West Windsor, N.J. – Who needs calculus? American Honors (AH) at Mercer students proved they do. Professor Richard Porter’s Calculus 1 class was among 15 classes to present newfound knowledge and insights during the American Honors at Mercer Symposium, held Dec. 6 at the MCCC Conference Center.
This was American Honors’ inaugural semester at Mercer County Community College (MCCC), which is successfully building upon its existing honors program to expand resources and options for these high-achieving students.
Students treated their professors and fellow students to a full morning of skits, readings and demonstrations. Presentations included subjects ranging from writing and English to history, sociology, psychology, philosophy, math, biology, organic chemistry, and communications. Professor Gianna Durso-Finley, Assistant Dean for American Honors at Mercer, served as master of ceremonies.
Many of the presentations echoed the theme that students are seeing the world in new ways. Said Sociology student Sara Cieslik, “My sociology class changed my life. It taught me how to make my familiar world strange.” Added her classmate, “The class upsets pre-conceived gender rules. You will never look at ads the same way again.”
Math students showed that they can use calculus to predict all kinds of things. Liam Fitzpatrick, who is planning to attend medical school, calculated the debt and payment schedule he will be facing, while Adam Haines investigated prostate cancer trends. Other projects examined the growth in the audience for Netflix and hydraulic fracturing and the incidence of cancer in Pennsylvania.
Philosophy students approached moral dilemmas from the perspective of well-known schools of philosophy, while psychology students considered hypothetical family problems from the viewpoints of those who are famous in the field. Students who took “World History Since 1500” showed that there are multiple sides to any historical account, while “American History Since 1865” students described major events from each decade.
Writing students noted the arsenal of new techniques they have discovered as they reach beyond the five-paragraph essay. Several said they began the class thinking they had nothing new to learn and came away with a whole new appreciation for the writing process.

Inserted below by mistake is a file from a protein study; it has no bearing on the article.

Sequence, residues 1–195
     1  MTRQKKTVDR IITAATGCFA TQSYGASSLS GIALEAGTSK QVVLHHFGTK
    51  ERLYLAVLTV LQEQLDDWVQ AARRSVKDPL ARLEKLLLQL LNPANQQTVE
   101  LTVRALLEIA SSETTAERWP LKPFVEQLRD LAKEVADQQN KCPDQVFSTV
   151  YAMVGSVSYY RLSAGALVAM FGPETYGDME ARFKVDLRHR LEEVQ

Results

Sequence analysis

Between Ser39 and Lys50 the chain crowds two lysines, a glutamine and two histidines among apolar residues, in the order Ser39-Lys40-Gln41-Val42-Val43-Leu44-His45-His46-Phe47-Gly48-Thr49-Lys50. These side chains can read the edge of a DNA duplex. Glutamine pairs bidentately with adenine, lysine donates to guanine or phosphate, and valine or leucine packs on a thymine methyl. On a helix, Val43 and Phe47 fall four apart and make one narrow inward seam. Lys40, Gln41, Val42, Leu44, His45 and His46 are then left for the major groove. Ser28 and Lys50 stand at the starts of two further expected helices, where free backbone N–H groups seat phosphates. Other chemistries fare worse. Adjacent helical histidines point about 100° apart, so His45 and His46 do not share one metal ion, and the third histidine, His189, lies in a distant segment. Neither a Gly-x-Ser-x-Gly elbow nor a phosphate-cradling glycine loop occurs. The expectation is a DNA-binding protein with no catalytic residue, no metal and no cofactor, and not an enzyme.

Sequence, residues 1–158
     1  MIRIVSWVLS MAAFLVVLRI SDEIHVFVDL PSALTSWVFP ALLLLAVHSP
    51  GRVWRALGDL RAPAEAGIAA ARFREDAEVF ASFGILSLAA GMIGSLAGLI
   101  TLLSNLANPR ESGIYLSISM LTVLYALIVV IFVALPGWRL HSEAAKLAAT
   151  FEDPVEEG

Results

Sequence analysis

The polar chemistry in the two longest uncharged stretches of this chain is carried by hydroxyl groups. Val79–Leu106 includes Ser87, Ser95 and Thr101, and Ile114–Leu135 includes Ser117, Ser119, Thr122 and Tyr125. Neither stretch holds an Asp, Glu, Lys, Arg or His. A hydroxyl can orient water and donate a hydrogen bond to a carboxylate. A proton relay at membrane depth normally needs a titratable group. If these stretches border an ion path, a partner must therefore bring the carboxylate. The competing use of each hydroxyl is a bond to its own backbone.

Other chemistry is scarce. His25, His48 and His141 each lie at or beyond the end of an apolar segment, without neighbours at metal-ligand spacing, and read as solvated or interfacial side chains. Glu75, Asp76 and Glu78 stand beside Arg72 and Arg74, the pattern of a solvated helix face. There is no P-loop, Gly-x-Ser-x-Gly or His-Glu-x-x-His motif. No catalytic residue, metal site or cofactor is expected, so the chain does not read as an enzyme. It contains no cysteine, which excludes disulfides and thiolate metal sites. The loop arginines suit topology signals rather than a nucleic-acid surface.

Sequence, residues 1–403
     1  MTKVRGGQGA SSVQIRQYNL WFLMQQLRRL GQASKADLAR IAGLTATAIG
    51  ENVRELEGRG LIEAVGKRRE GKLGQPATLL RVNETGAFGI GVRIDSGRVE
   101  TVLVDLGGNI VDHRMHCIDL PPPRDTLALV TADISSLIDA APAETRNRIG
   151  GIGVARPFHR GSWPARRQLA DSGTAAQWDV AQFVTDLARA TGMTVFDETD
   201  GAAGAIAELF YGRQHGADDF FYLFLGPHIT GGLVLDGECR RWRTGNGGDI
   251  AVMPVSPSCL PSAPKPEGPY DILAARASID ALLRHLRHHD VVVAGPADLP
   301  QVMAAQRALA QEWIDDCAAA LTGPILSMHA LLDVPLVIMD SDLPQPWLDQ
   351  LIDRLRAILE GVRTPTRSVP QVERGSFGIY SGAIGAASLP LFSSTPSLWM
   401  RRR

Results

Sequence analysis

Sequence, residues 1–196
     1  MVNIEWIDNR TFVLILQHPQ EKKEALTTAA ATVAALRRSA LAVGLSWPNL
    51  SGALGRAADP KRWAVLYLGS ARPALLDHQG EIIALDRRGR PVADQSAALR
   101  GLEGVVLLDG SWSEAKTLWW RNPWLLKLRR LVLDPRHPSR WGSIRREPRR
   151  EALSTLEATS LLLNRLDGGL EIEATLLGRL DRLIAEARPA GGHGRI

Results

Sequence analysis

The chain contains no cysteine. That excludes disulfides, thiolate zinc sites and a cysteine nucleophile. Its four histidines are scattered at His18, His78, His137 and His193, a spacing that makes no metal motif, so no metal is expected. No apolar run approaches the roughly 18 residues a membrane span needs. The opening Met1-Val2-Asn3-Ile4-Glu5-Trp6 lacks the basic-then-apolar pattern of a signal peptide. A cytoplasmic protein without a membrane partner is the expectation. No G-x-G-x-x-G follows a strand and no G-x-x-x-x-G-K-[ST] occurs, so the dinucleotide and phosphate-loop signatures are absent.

In the sciences, students presented hands-on demonstrations. Budding biologists shared glasses of water that represented body fluids being exchanged to demonstrate what would occur during the transmission of an infectious virus. Organic chemistry students literally brought science to life by dressing as molecules and atoms; then they demonstrated principles of acid/base neutralization that drew 'oohs' and 'aahs' from the packed house as the colors of the liquid changed.
The event drew to a close with a 10-minute video written by, filmed by and starring Professor Kathi Paluscio's Public Speaking students. “Who is an honors student?” they ask in the film. They responded that they are mothers, children and volunteers. They are unique individuals. They juggle multiple demands – especially their challenging honors curriculum – and they want open collaboration and a role in the decision-making that affects them. These students have high expectations as they look to the American Honors at Mercer to help them get to the next level and they are doing their part to make it happen.
At the event’s conclusion, Dr. Durso-Finley congratulated students for their hard work throughout the fall. “Your presentations showed your vision – and your revision – of your thinking, your commitment to learning, and, most of all, your desire to be true to yourselves.”
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More about American Honors at Mercer here.
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